Is it all ego? All about the look, the gear, and who can do the most (on the outside): All fur coat, no knickers with lots of half naked flaunting about?   So no fur coat really…….  Sadly they both suffer with that.

Does it help you in some way?  Do you feel calmer, stronger, happier, more supple.  Do you move better: getting down on the floor, picking stuff up, turning to reverse the car, doing up a zip at the back of your clothing.  Has it changed you,  in that you feel better

Is the pace just about right?   Yoga practices differs massively in this regard and so does Pilates.  They can be impossible, hard or easier,  flowing vs discreet exercises, even though Yoga tends to be a static pose and Pilates is repetitions of an exercise

Standard of tuition. Both suffer from deregulation of Teacher Training and you can gain qualifications in both after just a couple of weekends.  This should really be called Fitness Yoga or Fitness Pilates and is intended for classes in gyms.  In my view this is preferable to the Wild West of downloadable online courses with no face to  face tuition at all.  Becoming a good teacher is an expensive, time consuming business.  Regardless of your qualifications,  being a kind, welcoming Teacher who includes everyone doesn’t cost anything.

To summarise

Do you enjoy it?

or, and

Does it help your body, even if it feels a bit like a chore. I know many people who find Yoga and Pilates too slow, who prefer Cardio.   This can be, in a good way, mindlessly mindful, as opposed to the more mindfully mindful practice of a mind/body format like Yoga or like Pilates.  For you guys perhaps you recognise the benefits and take your exercise medicine dutifully without expecting to be happy or pleased

How do I choose

I don’t any more or at least not for the last year or so.    For years I have not had the time to go to a yoga class on a regular basis although I briefly dabbled.

Boy oh boy, do I enjoy Pilates for its own sake.  I enjoy the challenges (sometimes) and the endless movement possibilities.   My body is all the  better for it.  In addition I  also have an agenda to improve my ability to do the exercises and gain greater awareness of the exercises so that I can teach them more effectively.  My passion is for using Pilates to help other people but (and don’t tell anyone this)  I can see that, like in  the the film Sliding Doors, with a different twist of fate I could equally have ended up teaching and using Yoga for the same purpose.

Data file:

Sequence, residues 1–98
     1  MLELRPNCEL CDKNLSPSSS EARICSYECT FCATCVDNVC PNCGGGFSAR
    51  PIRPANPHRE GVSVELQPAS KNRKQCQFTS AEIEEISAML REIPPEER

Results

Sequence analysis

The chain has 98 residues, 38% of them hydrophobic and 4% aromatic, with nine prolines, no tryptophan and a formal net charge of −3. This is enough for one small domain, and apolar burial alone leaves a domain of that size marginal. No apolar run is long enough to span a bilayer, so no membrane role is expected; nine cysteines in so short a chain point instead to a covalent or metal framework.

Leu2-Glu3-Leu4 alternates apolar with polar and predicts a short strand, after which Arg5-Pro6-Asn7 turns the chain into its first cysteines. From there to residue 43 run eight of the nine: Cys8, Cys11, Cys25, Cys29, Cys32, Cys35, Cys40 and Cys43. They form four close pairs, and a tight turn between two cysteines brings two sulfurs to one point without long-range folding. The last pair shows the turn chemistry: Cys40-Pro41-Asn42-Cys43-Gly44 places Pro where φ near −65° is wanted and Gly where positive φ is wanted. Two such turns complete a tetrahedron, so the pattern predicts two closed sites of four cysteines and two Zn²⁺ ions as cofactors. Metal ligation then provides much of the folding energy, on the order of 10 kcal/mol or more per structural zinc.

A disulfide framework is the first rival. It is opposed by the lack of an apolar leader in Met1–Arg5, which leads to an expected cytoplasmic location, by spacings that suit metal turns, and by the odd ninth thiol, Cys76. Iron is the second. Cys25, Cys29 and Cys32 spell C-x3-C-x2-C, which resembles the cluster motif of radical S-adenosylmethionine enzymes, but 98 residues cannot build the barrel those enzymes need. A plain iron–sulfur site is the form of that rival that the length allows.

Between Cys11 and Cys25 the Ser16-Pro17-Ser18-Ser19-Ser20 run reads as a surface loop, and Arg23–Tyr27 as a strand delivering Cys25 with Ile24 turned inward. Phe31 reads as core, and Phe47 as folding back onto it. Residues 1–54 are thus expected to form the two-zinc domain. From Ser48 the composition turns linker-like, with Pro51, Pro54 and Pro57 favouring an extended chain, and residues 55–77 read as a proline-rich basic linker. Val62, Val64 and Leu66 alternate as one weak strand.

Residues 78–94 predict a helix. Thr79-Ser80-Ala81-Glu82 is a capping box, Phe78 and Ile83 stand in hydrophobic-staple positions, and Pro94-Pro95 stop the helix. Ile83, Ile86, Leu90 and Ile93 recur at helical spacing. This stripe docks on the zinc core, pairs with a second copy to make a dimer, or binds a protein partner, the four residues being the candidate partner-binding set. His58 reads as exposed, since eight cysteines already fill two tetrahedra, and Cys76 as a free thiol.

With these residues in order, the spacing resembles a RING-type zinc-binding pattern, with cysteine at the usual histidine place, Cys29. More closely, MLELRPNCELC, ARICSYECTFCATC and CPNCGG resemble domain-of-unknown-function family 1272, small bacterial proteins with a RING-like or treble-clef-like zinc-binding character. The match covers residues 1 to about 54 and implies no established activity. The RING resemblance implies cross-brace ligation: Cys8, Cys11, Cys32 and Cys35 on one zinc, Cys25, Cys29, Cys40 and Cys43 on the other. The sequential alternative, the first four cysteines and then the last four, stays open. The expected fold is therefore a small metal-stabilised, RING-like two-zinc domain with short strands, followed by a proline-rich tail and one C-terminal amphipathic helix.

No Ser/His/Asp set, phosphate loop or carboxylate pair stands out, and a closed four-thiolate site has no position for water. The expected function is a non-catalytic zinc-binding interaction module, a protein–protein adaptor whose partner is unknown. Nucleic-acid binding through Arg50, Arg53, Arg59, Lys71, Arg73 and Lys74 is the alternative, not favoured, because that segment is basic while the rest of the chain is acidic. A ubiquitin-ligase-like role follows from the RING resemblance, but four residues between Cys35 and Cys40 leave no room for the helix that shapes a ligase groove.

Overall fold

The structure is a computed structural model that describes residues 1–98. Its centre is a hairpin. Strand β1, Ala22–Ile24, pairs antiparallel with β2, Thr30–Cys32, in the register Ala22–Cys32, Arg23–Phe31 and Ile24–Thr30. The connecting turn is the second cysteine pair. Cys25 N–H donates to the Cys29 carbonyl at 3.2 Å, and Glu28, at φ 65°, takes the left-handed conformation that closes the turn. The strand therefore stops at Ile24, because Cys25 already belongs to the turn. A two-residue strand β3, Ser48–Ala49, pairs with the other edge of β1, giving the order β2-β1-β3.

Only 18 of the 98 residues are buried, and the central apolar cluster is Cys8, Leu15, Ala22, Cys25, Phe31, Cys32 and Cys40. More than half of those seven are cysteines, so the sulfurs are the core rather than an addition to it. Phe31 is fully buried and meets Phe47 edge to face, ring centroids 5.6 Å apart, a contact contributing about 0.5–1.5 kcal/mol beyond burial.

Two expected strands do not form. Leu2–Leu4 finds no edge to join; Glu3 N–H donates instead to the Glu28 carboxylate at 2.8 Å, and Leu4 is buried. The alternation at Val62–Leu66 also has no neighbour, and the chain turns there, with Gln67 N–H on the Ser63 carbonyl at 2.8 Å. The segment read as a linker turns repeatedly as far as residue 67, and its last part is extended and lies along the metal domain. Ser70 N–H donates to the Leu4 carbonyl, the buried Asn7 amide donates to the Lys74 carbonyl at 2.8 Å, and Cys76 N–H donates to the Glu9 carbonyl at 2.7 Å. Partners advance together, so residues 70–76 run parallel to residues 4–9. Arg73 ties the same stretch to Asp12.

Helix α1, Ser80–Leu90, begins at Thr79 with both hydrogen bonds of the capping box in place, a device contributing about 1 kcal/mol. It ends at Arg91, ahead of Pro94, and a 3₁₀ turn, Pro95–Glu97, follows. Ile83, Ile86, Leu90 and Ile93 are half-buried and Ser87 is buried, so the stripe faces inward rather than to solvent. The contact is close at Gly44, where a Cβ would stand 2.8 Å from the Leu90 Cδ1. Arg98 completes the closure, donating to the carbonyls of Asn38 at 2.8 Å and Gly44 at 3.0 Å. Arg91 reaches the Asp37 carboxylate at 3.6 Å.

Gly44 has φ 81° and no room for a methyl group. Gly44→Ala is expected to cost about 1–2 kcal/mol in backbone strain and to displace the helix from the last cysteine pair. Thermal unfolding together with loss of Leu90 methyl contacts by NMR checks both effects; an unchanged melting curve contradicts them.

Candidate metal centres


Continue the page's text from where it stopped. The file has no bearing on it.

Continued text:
I enjoy Yoga because teachers are operating from a different  standpoint and it is extremely helpful and interesting for me to hear that and try to operate from that perspective

Thank you Yoga for what you lack:  huge focus on Abdominal work.  I have chronic injury and IBS stuff  going on with my abdominal region and  find most Ab work almost impossible and then I feel crap for not being able to do it

I am very grateful to Yoga for involving poses that test me where I need it: to help my tight hips and inner thighs.  Trust me, it is not a pretty sight observing me in a Warrior pose.

A  Final Question

Maybe it is more helpful to ask, not how do they differ, but how do they complement each other?

Or to counter  “what is the difference between Pilates and Yoga?”  with another question.  “Does it matter?”   In the physical realm of the body, or relating to mind/body awareness, probably not.

If you are interested in getting stronger and crucially, more supple, in moving with more freedom, Yoga and Pilates stand comparison.  If you wish to feel better emotionally, calmer, more connected to your body in a positive way  Yoga and Pilates stand comparison.     At the same time, it then ceases to matter what the differences are.

Author doing Downward Dog Yoga Pose

Author doing Yoga: the Triangle poseAuthor's daughter doing Child Pose in YOga

My Yin Yoga online is with Catrin Osbourne who can be found at  She also teaches my son who does her Teen Yoga session each week.

I do my Iyengar Yoga online with Gerda Bayliss who can be found at  Gerda is like me and perhaps most of you, based in Leeds so hopefully we can look forwards to some live yoga later in the year.  She specialises in helping with people recovering from Long Covid

Finally, my  Hatha Yoga online with Krissy Bonner.  She has no website but message me if you would like details.

All of these wonderful Tutors are calm,  experienced and knowledgeable.  You will be in in safe hands